Jarvis views the difference in opinion among developers as an indicator of competing interests – among developers with different profit structures, but also between urban and rural developers. “If I were a developer (in Portland) and I paid top dollar, why would I want someone to be able to purchase and develop land for less elsewhere?”

Carl Coffman, president of Norway Development Co., admits having a financial interest in Measure 49’s failure. Still, he believes the issue is overblown – on both sides – but specifically on the side of pro-49 interests. Property owners might be sitting on land, said Coffman, hoping to build a big-box store or a housing development, but they won’t be able to because of water, sewer and road concerns. If there is no infrastructure, there is no development.

Jarvis agrees with Coffman’s assessment. “We seem to forget that there are market factors at work, and just because the government says we can build doesn’t mean we should,” Jarvis said. “We often overlook market factors.”

Hiroshi Morihara of Persimmon Development Co., who sees a divide between developments on the west side of the Willamette River versus developments on the east, is another developer staunchly in favor of Measure 49, stating the need for city centers and the ability to transfer development rights.

“I understand people’s individual rights (to develop), but they have to understand the public good,” Morihara said.


Oct 11, 2007, 5:04 PM
Invested in UGB, builders fight Measure 37
Some production developers have spent millions on buildable land and fear market saturation
POSTED: 06:00 AM PDT Thursday, October 11, 2007
Daily Journal of Commerce

Oregon home builders say they’ll grudgingly support Measure 49 this November.

The industry’s support comes as a surprise to some. A “no” vote would mean potential payouts from more home construction. A “yes” vote would likely lead to stricter land-use regulations.

But building Measure 37 subdivisions on farmland outside urban growth boundaries will dilute the industry’s ability to sell homes inside city limits, builders say.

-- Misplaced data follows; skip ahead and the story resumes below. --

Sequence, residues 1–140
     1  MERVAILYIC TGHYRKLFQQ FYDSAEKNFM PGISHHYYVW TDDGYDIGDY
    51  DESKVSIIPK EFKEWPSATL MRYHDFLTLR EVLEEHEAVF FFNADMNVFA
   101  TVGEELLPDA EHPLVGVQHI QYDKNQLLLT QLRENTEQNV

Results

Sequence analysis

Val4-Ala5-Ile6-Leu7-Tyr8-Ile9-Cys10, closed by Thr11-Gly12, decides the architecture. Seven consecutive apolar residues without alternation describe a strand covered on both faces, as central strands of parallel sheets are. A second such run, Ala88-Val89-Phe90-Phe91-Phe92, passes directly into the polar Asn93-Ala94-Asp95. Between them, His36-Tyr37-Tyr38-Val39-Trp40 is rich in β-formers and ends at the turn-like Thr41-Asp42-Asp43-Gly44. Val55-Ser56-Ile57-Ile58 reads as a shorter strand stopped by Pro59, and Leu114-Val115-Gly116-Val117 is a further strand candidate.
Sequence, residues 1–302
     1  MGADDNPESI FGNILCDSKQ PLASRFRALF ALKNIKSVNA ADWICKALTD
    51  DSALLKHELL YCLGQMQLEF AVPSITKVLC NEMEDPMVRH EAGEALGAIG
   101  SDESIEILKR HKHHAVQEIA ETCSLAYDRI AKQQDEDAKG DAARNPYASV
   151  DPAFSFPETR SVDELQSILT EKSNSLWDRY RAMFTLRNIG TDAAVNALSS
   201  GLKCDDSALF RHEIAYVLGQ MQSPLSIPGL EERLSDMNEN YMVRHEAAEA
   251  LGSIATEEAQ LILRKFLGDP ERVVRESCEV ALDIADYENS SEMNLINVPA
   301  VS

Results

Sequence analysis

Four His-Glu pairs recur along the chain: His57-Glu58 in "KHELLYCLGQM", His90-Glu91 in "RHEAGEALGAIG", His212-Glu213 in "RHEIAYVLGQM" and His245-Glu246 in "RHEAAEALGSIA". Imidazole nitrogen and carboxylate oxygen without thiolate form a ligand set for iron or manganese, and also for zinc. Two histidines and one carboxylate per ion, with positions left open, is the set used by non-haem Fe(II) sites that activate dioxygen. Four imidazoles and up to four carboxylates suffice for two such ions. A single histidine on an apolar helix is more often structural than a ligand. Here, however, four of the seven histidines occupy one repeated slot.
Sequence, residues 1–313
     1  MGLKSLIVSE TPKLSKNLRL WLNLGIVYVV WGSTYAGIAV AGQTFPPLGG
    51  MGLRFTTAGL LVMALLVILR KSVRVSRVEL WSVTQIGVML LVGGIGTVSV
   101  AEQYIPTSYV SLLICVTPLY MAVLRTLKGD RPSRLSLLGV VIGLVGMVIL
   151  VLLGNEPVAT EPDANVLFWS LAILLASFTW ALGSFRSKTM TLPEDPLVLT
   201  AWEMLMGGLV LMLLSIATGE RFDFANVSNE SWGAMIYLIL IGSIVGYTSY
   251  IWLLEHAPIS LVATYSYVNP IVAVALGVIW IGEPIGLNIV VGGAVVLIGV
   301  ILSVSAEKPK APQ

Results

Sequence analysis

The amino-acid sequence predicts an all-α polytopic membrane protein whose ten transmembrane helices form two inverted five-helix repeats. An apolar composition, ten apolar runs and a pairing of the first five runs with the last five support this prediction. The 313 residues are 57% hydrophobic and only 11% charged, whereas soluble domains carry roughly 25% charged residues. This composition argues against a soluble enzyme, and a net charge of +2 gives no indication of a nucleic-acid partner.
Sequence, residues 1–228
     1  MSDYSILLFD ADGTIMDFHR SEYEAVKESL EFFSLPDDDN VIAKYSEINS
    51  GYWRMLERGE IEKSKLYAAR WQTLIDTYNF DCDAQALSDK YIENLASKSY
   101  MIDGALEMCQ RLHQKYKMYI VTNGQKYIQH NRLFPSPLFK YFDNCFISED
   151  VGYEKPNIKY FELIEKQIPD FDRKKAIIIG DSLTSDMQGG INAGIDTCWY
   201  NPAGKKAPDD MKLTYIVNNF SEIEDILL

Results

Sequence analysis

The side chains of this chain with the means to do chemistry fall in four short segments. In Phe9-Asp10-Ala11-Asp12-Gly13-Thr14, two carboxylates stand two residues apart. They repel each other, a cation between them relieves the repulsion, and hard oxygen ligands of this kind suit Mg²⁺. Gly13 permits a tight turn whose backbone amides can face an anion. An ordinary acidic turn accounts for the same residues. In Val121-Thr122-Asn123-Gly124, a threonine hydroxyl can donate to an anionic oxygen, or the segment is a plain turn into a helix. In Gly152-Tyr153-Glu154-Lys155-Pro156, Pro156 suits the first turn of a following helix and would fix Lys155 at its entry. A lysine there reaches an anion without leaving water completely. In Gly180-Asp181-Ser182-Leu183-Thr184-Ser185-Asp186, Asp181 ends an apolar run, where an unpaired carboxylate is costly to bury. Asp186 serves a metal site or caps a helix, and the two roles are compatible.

Home builders have poured big bucks – as much as $600,000 per acre – into undeveloped land within urban growth boundary expansions. Renaissance Homes and Legend Homes, two of the state’s biggest home builders, are sitting on hundreds of undeveloped acres inside UGBs near Portland and Bend, waiting for cities to invest in the roads and sewer systems they need to start construction. If Measure 49 fails to pass, the value of those undeveloped acres could drop as supply allowed by Measure 37 comes onto the market.

“I voted against 37, and I’ll vote for Measure 49 because it’s a vast improvement over what 37 was,” Randy Sebastian, president of Renaissance Homes, said. “There’s so many uncertainties” under Measure 37, he said.

Measure 49 would stymie large subdivisions on land approved for development under Measure 37 by allowing no more than three homes on most claimant’s properties.

Measure 49 fast-tracks construction, increases regulation

Voters in 2004 passed Measure 37, which grants land-use waivers to owners that purchased their property before regulations were enacted or requires counties to compensate landowners for value lost as a result of land-use regulations.

The measure has created a host of legal headaches for landowners, developers, cities and counties alike.

In the past two years, more than 7,000 Measure 37 claims have blanketed the state, but almost no construction has happened. Oregon courts have ruled that landowners cannot transfer development rights, essentially locking owners out of construction loans.

By allowing owners to transfer their rights, Measure 49 would fast-track construction on about 42 percent of Measure 37 claims – those that seek to divide home sites into a few lots.

“I would expect Measure 49 to facilitate construction financing,” Bill Jaeger, an economist at Oregon State University, said, “and lead to some additional construction due to the streamlined processing for claims involving a small number of houses.”

Land that has been tied up due to legal questions surrounding Measure 37 claims would be free for development, he said, boosting Oregon home construction.

Regulators would also be free to pass more land-use restrictions under Measure 49.

Deterrents to development like tree-taking ordinances and environmental overlays have fallen off as a result of Measure 37, said Drake Butsch, a former president of the Oregon Home Builders Association.

Oregon land-use system broken, builders say